Following a mild and warm winter and the early spring we have experienced, conditions are ripe for the development and spread of take-all according to Geoffrey Bastard, Technical Specialist at Certis.
“Overall, it’s been a milder winter compared to last year, which favours the development of the pathogen within the soil and primary infection of wheat plants. As we move into spring and crops start to develop, the root mass grows and the infected roots will touch clean roots, spreading the pathogen from plant to plant.”
Secondary wheat infection is at its highest risk this time of year, and especially high this season considering the early spring.
“The West of the country should be on the lookout for signs of take-all due to the recent wet and mild weather. On the other hand, the East has experienced a dry spring which has helped hinder the spread of the disease, but recent heavy rains mean growers should vigilant.”
There have already been reports of take-all from all over the country according to Dr. Jane Thomas, Head of the Pathology Group at NIAB. She has been working with Certis on their Latitude Network trials, which are farm-scale experiments at seven different test sites around the UK, aiming to demonstrate the efficacy of the Latitude (silthiofam) seed treatment on a commercial scale.
“We’ve been assessing plant samples from test fields where Certis has been looking at the effects of Latitude. We can safely say that we’ve detected take-all in all of the sites, with some areas being worse affected than others. If anything, I would say levels will continue to increase or become more pronounced as time goes on”.
The findings have also been confirmed by NIAB’s plant clinic, where they assess commercial plant samples and testing has revealed evidence of take-all in both wheat and barley crops. Dr. Thomas continues: “Conditions were quite favourable for infection and continue to be favourable for development. Now we are seeing some stunting and yellowing, but if we get very dry conditions, take-all will start to show up quite severely in the field and typical whiteheads with poor grain fill may start to appear.”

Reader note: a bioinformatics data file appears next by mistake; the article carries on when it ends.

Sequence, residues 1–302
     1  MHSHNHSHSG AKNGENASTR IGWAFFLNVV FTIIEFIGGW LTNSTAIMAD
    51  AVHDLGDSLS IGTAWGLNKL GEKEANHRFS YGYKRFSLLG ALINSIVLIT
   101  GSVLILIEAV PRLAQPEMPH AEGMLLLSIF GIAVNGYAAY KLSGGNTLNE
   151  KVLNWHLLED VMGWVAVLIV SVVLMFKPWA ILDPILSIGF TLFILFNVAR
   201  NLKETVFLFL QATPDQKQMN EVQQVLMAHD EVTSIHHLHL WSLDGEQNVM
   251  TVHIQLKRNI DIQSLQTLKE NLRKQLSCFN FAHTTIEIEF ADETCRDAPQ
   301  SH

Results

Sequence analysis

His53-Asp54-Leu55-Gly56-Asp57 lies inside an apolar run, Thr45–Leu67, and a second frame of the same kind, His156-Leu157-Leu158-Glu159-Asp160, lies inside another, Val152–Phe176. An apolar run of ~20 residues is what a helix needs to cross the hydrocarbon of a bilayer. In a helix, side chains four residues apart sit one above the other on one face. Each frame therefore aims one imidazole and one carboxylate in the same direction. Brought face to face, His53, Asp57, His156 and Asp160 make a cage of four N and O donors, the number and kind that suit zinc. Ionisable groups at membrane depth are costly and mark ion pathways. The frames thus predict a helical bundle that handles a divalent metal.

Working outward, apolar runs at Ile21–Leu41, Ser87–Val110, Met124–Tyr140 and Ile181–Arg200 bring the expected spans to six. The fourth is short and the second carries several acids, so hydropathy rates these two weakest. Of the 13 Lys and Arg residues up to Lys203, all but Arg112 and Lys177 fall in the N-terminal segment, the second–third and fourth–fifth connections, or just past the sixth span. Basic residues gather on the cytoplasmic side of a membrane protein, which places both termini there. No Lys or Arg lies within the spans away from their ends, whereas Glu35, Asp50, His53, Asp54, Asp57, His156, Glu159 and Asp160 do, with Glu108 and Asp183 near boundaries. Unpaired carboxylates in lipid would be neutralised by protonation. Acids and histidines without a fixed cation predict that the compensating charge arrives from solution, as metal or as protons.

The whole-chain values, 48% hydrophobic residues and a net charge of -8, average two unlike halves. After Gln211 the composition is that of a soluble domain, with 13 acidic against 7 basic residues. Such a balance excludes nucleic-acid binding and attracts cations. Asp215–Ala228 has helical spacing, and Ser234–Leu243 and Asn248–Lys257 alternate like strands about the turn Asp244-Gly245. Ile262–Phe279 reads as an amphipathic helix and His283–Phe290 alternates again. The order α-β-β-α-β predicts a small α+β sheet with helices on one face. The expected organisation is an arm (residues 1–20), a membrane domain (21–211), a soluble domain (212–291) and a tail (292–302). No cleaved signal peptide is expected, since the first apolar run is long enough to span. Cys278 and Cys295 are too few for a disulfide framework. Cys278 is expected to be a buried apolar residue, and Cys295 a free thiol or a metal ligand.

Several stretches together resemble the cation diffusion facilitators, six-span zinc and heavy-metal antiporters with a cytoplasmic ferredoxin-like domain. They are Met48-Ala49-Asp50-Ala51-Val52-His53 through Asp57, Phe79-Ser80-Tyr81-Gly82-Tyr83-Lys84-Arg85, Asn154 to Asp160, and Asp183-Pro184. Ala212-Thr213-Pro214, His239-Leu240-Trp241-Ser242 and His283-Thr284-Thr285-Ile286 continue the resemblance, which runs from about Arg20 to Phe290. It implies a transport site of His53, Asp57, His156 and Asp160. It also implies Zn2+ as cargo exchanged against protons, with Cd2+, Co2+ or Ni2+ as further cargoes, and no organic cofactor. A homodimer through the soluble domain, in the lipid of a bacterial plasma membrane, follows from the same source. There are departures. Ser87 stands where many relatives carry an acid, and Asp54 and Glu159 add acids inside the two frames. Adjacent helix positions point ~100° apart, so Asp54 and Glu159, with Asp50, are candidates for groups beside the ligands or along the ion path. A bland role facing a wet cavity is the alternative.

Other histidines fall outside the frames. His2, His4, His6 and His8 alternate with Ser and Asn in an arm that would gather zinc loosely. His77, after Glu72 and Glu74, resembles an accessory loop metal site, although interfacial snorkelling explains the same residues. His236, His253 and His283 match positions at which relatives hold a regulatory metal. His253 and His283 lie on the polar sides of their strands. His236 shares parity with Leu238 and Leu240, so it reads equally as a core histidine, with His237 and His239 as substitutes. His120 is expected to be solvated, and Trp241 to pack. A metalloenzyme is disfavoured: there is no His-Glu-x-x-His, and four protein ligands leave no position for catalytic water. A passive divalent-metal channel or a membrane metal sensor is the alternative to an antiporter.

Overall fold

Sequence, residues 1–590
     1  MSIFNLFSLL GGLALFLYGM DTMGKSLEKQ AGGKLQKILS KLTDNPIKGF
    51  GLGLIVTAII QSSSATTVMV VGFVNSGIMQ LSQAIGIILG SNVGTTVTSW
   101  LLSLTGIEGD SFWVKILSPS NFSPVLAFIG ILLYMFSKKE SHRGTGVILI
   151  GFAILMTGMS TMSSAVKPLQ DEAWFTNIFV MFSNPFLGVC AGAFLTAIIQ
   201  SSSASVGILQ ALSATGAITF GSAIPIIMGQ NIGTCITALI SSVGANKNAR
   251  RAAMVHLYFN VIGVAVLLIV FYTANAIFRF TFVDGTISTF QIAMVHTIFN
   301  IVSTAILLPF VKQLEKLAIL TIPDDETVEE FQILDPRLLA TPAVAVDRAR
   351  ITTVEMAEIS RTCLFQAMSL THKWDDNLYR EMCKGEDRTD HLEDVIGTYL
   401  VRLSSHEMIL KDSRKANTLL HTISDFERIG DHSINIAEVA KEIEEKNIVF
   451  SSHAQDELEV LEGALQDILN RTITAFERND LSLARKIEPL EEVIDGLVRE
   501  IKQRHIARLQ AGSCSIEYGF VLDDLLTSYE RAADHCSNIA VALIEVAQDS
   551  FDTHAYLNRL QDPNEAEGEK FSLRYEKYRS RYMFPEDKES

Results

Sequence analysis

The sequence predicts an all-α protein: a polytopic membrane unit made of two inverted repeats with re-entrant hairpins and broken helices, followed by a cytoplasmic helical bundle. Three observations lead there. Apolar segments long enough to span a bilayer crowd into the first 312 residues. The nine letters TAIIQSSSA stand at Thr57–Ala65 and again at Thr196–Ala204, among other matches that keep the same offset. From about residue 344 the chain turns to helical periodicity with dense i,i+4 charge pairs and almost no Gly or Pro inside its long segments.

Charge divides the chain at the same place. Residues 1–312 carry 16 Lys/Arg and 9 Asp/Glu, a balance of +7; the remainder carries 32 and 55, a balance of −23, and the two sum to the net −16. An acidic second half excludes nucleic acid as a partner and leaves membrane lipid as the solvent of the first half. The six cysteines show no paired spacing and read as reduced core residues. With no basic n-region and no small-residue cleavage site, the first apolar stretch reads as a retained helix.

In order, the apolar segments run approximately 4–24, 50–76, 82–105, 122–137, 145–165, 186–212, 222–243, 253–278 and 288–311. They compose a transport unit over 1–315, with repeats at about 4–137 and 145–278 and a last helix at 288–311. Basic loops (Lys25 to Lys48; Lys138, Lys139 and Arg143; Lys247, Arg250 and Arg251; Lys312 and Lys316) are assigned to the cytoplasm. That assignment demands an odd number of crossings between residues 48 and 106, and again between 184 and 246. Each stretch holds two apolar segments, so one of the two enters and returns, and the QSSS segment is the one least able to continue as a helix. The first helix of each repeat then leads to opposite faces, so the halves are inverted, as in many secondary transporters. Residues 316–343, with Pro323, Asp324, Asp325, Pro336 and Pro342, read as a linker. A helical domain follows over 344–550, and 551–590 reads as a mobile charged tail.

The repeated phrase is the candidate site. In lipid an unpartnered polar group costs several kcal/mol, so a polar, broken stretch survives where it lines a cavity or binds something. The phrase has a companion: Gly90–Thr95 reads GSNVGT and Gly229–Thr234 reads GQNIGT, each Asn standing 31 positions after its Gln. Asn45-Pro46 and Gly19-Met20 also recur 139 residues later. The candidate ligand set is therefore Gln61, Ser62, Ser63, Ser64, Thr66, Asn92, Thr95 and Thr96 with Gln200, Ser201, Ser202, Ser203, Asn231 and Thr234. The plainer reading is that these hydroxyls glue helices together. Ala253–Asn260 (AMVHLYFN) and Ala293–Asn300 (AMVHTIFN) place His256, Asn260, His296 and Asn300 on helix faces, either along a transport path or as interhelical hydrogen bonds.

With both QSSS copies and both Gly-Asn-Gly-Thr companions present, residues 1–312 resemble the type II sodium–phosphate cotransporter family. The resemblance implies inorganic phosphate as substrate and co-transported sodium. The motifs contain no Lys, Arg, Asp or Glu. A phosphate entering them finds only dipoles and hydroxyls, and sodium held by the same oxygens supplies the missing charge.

The Latitude Network trials will continue to monitor the development of the disease and the effects of seed treatment, with test sites spread throughout Essex, Lincolnshire, Kent, Shropshire, Oxfordshire, Norfolk and Northumberland. Explaining the reason behind undertaking large-scale, regionalised testing, Geoffrey said: “Our Latitude Network trials were set up to pin down the difference between treated and untreated crops as a field-scale experiment. We wanted to refresh a decade-worth of data with new information that shows regional differences and tells growers how Latitude performs on their doorstep.”
Preliminary results have been positive, demonstrating the efficacy of Latitude seed treatment in reducing the risk of take-all, which is great news for second wheat growers according to Geoffrey: “Where growers are hesitant to put in oilseed rape because of the pressures it is facing, second wheat is a very profitable crop if you get it right. The key point to achieving that is to use Latitude, especially where you’ve seen take-all in the past or where you know it’s going to be high risk.”
Take-all management tips for 2019